Like clockwork, Siloam Double Classic daylilies pop along the edge of my cottage garden. They’re in one of the toughest spots. Dry, full sun and absolutely no wind protection. It isn’t very forgiving. But they take it all, as though laughing in the face of adversity. By July 4th, they’re exploding with fragrant fluffy pink blossoms that I wish would continue from May to October.
Unfortunately, that’s not going to happen, but I can get four to five weeks out of them with this simple trick. Deadheading. It works especially well for reblooming varieties like the all-too-common Stella de Oro. No matter what type of daylily you have – early, mid or late-season blooming, reblooming, or not reblooming – all benefit from a pinch. It’s also very calming to begin or end each day with this simple but effective task. Think of it as horticultural Xanax.
How To Deadhead Daylilies
Aptly named, hemerocallis (From the Greek hemera meaning day and kallos meaning beauty) is a fleeting flower. By deadheading, you’re telling the plant to make flowers, not seed. Depending on the variety, a quick snip encourages the plant to send up new stems and buds. This is especially true for reblooming varieties like Happy Returns, Rosy Returns and Pardon Me. If they aren’t deadheaded, don’t expect a whole lot of flowering after the first flush.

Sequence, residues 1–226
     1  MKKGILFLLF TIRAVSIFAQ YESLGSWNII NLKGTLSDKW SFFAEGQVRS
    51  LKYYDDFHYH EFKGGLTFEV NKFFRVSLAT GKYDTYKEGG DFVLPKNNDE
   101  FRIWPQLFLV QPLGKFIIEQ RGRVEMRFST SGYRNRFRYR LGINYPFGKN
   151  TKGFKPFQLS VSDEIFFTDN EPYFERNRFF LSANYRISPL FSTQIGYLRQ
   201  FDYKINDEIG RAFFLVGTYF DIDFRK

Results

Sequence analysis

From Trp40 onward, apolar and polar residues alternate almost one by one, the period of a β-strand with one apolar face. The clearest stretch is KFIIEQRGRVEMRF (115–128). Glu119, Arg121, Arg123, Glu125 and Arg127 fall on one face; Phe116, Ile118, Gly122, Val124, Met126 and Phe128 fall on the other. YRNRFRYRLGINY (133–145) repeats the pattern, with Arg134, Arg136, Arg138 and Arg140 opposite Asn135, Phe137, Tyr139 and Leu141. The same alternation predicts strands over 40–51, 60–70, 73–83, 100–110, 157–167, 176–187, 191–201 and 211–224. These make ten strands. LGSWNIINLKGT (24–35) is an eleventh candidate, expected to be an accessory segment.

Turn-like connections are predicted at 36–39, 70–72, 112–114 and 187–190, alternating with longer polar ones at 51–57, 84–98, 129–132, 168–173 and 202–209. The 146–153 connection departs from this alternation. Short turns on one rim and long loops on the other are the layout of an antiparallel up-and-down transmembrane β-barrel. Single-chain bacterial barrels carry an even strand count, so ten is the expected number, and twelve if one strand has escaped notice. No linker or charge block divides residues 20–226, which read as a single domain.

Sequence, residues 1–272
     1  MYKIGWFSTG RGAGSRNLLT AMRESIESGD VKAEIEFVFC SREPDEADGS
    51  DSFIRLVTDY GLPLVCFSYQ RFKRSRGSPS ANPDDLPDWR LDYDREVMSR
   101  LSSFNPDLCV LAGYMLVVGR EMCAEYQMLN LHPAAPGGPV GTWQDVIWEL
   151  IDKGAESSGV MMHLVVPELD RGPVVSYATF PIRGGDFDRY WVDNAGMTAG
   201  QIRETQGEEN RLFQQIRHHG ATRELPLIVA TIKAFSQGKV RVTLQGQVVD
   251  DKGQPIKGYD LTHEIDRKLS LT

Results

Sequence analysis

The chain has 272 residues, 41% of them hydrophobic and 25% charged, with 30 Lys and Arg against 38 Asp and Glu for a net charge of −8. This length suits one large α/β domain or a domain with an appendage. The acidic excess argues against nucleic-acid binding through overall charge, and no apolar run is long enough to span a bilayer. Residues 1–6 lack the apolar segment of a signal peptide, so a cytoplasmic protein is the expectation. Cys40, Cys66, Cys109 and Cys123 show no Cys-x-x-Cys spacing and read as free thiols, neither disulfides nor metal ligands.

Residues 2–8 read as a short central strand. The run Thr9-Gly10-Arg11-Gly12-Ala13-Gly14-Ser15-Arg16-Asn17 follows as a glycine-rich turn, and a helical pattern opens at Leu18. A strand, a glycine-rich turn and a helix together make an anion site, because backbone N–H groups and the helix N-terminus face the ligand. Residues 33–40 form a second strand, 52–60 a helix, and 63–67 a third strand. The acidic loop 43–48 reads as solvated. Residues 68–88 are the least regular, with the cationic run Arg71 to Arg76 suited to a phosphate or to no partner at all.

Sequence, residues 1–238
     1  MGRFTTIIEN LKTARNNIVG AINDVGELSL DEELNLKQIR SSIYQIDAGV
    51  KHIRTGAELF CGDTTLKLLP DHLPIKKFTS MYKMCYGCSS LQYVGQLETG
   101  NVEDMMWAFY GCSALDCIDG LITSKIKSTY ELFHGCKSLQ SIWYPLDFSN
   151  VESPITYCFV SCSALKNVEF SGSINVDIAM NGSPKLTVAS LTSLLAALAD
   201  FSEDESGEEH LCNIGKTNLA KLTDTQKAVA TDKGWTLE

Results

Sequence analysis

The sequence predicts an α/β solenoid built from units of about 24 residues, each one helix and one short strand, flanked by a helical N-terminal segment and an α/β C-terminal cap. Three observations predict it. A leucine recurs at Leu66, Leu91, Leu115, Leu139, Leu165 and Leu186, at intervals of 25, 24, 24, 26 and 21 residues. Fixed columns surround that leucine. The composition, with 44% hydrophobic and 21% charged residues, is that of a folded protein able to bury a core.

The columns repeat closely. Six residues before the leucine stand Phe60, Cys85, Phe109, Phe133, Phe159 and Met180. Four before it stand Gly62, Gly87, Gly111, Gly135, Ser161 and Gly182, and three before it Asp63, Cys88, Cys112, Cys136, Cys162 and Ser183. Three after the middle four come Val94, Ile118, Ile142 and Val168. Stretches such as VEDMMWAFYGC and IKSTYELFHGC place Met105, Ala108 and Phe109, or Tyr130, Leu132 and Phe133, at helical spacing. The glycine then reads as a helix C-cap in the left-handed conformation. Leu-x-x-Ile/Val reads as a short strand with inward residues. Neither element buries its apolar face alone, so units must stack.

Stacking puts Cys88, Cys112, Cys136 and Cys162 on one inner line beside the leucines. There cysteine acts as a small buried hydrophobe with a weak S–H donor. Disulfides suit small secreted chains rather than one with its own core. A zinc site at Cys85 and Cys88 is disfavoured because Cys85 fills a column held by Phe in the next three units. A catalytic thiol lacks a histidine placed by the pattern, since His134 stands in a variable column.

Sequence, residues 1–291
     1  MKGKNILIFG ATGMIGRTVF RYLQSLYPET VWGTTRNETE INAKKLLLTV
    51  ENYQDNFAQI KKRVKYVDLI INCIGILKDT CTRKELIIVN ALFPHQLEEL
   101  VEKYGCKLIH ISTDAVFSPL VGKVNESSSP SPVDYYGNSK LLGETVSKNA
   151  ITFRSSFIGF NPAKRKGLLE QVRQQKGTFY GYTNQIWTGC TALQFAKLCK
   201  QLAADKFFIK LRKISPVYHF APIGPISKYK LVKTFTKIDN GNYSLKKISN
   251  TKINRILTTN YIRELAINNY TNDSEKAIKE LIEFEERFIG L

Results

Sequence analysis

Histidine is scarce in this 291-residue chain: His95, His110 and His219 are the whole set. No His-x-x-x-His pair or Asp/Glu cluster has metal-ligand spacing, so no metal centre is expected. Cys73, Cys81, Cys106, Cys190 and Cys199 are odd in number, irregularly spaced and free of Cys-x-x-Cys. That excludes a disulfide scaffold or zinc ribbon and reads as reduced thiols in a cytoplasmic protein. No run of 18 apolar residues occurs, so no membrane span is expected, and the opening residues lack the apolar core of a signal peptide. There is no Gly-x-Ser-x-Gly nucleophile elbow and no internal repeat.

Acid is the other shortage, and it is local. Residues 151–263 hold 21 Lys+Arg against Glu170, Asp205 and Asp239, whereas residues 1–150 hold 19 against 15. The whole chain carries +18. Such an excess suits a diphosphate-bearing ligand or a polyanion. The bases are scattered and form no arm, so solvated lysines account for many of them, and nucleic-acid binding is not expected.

Simply snap off the dying flower between your fingers, being careful not to remove other buds surrounding it. Nothing to it!
Left undeadheaded, as the Stella de Oros were around the trees in my parkway, seedpods form at the tips of the stems. I’ve since removed all of the pods, but the plants have yet to send up new buds. Perhaps I waited too long and caused some confusion. Oh well, there’s always next year. Isn’t that the perfect gardener’s motto?
What daylilies are you growing?